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The Wood for the Trees: One Man's Long…
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The Wood for the Trees: One Man's Long View of Nature

by Richard Fortey

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The Wood for the Trees: One Man’s Long View of Nature - Fortey
4 stars

Richard Fortney is a British paleontologist and author. This book is an ongoing journal of a yearlong study of several acres of beech and bluebell wood that he bought after retiring from his position at the British Museum. Each chapter is devoted to a month of the year. Fortey discusses his observations of the botany, biology, and geology of the woodland. He researches the human history of the surrounding area and discusses the ecological issues facing the woodland in the future.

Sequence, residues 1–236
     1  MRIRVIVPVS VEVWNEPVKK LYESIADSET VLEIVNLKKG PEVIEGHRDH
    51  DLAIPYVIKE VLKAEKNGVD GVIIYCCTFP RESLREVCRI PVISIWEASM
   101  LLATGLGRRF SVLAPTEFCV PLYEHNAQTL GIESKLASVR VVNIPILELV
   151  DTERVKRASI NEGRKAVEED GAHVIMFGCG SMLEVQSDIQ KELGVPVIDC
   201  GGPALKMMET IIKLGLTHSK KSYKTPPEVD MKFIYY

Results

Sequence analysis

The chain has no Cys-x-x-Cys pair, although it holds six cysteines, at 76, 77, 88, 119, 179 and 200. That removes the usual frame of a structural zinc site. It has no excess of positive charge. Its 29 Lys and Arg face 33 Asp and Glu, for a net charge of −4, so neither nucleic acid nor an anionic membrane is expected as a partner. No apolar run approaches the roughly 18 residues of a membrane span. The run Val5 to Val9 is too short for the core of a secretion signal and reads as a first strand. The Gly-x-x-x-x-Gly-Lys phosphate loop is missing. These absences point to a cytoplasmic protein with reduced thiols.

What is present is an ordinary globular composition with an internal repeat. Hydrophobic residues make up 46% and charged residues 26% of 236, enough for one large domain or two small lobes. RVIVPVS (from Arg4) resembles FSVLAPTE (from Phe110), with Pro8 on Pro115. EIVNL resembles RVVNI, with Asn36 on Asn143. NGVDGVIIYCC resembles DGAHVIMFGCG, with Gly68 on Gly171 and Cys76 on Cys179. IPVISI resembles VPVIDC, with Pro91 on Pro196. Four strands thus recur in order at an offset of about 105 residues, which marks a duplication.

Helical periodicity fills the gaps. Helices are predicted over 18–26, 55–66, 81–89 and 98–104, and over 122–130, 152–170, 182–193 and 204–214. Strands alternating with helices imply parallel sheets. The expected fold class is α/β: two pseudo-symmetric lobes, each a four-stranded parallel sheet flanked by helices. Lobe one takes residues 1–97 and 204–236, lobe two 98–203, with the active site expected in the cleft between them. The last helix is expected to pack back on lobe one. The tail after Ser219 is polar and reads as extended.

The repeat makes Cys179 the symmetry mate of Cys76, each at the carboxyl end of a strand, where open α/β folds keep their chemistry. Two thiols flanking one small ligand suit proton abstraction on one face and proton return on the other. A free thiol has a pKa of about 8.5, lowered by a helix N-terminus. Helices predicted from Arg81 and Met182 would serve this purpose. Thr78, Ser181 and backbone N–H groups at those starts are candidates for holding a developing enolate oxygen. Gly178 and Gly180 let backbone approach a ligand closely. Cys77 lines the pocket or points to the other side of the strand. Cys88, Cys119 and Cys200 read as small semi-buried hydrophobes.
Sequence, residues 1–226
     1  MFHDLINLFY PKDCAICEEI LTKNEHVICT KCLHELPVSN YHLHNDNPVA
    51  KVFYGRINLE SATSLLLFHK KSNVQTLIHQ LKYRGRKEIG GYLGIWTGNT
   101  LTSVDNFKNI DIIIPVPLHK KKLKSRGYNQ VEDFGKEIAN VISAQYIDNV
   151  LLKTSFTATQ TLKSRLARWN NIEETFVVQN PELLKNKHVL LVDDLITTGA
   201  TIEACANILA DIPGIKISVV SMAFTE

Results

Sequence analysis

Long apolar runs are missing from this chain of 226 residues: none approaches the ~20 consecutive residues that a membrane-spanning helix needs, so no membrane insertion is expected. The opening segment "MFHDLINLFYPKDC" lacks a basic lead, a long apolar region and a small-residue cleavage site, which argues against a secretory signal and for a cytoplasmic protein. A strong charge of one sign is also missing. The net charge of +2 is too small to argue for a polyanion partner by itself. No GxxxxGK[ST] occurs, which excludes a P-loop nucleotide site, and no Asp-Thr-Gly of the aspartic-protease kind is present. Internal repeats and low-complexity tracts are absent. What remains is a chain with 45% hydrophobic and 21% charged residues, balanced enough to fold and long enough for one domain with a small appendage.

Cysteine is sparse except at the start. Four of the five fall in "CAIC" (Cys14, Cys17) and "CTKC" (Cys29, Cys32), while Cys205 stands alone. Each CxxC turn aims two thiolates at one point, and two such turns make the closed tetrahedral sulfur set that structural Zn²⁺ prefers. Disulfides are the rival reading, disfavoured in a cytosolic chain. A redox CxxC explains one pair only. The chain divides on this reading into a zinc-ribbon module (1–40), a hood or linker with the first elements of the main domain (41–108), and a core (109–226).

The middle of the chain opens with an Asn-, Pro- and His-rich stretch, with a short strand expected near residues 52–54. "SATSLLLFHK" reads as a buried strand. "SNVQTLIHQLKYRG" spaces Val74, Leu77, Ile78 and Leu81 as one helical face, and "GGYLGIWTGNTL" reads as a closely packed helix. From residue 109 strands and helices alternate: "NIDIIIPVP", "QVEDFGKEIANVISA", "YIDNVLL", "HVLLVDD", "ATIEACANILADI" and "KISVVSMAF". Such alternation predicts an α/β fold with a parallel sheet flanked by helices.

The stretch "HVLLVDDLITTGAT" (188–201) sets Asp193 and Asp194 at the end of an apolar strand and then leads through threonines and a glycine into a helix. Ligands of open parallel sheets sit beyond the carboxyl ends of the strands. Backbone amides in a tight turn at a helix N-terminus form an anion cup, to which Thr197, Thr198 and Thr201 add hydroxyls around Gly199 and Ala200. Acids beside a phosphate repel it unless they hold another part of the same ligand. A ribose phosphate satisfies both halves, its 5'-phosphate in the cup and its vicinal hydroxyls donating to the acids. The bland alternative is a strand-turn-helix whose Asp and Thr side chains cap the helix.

I thought this book was very engaging and readable, in small doses. Each ‘month’ was divided into a variety of sub-topics of two or three pages in length. Such a wide variety of topics; ‘Nettle Fertilizer’, ‘Chanterelle Potatoes’, ‘Saved by the Chair’, ‘Rot and Renewal’. A plethora of trivia: for example, necessary culling and cutting of the Lambeth beeches was made marginally profitable by the demand for Potterish toy broomsticks. Or, did you know that collected deer droppings can be incubated to sprout a variety of microscopic fungi ? Fortey makes it all interesting and occasionally funny with extremely bad, but irresistible puns. This book reminded me of what I used read on lunch breaks, magazine articles from Smithsonian and Natural History magazines. Not a good book to get lost in for hours at a time, but great for a coffee break.

I had the audiobook which is read beautifully by Michael Page, but it is much better to have the text for maps, photography, and other illustrations. ( )
  msjudy | Jan 24, 2018 |
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Scientist Richard Fortey chronicles what he found on his four acres of woodland in the Chiltern Hills of Oxfordshire, England over the course of one year.

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